ir Walter Scott's historical novel Ivanhoe (1819) is the first of his tales in which Scott used an exclusively English scene and subject. It is a chivalric tale set in the late twelfth century, against the historical backdop of the Crusades and the adventures of England's King Richard the Lion-Hearted. One of the last of the Anglo-Saxon nobility, Sir Wilfred of Ivanhoe, son of Cedric the Saxon, is in love Rowena, another Saxon scion of the aristocracy and ward of Wilfred's father, who hopes to reinforce the blood of the Saxon royal line by marrying her to Athelstane of Coningsburgh. Banished by his father because of his love for Rowena, Ivanhoe has gone off to serve the crusading King Richard in the Holyland, where by his prowess in battle he has won the English monarch's favour. Consequently, his loyalties are divided between his father's dream of a Saxon revival and his own loyalty to a monarch who combines the best of Saxon and Norman and promises closure to a century of racial enmity.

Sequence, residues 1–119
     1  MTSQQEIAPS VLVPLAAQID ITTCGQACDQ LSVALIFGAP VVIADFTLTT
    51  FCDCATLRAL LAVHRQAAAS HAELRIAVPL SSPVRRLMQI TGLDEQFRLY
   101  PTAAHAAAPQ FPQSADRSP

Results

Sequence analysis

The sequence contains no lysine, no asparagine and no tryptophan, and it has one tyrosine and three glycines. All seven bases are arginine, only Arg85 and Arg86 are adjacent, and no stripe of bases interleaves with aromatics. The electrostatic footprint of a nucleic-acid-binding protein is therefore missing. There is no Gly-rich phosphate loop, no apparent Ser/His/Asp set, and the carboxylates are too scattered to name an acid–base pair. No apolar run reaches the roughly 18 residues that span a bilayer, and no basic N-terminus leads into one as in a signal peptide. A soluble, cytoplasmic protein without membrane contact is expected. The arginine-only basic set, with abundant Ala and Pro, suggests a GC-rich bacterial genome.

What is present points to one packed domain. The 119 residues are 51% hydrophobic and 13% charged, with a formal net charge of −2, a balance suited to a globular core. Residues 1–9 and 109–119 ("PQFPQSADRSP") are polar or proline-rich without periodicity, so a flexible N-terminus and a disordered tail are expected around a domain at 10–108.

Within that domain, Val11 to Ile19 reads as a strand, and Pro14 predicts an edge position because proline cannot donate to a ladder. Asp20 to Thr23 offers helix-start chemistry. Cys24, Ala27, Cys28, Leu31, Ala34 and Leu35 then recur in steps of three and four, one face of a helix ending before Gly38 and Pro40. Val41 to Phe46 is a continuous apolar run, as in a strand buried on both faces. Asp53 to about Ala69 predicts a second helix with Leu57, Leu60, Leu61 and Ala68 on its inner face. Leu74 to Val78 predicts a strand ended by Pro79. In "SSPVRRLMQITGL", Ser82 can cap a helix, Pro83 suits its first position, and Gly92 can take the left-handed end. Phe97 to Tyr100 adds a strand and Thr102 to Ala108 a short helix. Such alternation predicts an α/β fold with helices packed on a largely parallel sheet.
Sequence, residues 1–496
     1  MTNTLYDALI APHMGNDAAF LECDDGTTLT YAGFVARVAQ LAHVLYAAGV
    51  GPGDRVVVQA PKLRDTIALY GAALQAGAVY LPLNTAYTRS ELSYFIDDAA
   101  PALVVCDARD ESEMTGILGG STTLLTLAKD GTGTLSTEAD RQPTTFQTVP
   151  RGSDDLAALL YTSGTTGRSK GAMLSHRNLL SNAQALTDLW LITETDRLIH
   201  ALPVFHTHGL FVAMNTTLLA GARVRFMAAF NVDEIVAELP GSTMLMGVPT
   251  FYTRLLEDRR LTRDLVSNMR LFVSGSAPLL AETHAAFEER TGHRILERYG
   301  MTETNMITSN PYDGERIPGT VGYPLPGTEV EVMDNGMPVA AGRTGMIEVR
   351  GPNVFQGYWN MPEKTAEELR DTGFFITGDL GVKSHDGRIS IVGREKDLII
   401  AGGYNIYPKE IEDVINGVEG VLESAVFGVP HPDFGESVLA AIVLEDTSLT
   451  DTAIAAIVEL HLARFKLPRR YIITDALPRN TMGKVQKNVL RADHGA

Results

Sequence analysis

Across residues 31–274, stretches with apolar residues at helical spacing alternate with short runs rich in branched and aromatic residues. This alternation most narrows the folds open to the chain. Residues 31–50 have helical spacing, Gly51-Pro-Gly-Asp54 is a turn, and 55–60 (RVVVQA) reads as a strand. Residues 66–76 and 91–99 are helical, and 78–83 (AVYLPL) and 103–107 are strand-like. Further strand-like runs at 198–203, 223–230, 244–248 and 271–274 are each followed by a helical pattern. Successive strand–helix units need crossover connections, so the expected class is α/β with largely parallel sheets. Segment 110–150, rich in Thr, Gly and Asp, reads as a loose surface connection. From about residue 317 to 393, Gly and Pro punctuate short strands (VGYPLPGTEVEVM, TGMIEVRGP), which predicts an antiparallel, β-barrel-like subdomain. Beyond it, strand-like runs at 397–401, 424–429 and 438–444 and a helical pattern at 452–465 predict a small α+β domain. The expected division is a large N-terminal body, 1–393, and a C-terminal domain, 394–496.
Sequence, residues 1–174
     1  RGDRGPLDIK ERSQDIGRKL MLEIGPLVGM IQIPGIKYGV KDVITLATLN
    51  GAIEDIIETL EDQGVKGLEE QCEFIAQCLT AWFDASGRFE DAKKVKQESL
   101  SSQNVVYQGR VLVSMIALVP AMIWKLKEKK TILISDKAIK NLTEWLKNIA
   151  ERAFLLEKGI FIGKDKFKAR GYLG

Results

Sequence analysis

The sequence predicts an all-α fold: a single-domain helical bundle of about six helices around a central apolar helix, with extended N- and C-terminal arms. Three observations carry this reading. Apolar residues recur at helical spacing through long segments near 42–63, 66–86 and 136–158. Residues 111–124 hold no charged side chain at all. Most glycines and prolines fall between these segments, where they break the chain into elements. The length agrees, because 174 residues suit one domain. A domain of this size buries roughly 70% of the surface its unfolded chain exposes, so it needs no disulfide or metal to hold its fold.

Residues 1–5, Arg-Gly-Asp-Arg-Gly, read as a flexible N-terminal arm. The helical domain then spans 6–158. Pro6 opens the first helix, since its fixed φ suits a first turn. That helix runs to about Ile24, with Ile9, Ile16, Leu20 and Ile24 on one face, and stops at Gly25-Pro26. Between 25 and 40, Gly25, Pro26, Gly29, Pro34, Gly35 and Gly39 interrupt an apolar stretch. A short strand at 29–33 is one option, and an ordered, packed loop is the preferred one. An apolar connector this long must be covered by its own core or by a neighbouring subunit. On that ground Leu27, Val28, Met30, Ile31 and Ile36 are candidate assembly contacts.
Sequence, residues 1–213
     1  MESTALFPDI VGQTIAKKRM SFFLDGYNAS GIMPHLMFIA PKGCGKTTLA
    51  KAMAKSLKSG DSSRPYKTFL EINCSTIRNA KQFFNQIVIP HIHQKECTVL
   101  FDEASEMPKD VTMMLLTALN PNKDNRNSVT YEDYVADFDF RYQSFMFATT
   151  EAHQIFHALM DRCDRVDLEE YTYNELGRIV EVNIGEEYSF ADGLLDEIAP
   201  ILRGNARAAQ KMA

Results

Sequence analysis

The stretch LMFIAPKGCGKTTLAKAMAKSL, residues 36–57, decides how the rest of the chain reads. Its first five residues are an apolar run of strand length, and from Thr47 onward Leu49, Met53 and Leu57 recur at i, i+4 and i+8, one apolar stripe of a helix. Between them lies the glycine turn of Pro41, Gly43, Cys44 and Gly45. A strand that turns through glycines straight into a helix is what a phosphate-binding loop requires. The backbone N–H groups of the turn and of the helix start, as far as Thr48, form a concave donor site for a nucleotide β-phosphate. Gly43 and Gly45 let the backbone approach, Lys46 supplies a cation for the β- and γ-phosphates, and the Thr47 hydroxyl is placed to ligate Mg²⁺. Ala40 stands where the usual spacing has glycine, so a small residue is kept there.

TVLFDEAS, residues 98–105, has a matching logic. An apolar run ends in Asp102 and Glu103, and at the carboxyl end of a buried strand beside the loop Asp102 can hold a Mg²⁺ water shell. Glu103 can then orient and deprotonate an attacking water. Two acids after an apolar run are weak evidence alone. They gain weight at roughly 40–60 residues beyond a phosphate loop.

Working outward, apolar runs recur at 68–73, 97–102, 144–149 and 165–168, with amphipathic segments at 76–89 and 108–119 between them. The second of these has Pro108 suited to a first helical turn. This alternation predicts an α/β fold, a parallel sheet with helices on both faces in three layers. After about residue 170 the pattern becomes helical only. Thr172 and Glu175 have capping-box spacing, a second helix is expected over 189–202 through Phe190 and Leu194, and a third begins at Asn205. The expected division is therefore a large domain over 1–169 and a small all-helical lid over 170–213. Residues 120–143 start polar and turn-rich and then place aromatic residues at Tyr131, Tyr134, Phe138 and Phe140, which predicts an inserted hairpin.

King Richard's brother John, in his brother's absence (caused not merely by the Crusade, but by Richard's being imprisoned in a remote Austrian castle on his homeward journey), tries to usurp the throne with the help of some greedy and dissolute Norman barons. At the tournament at Ashby de la Zouch, Richard miraculously reappears to help Ivanhoe to defeat John's knights, whose chief are the brutal Templar, Sir Brian Bois-Guilbert and the bullying Sir Reginald Front-de-Boeuf. At the great tournament Sir Brian falls in love with Rebecca, a beautiful Jewess. She is taken captive with her father Isaac, Rowena, the wounded Ivanhoe, and Cedric by the Norman barons and imprisoned in Front-de-Boeuf's Castle of Torquilstone. The King, assisted by Robin of Locksley's (a.k.a.Robin Hood) band of outlaws, storms the castle and rescues the prisoners. However, Rebecca the Jewesss is carried off by Bois-Guilbert to the Preceptory of Teplestowe, where the Grand Master of the Templars charges her with witchcraft. Ivanhoe appears as her champion, opposing Bois-Guilbert, who dies in the lists untouched by his adversary's lance, apparently the victim of his own contending passions. Rebecca, recognizing Ivanhoe's love for Rowena, leaves England with her father. Interesting supporting comic characters in the story are Wamba the Fool; Gurth, the swineherd; and Friar Tuck.
Last modified 30 December 2001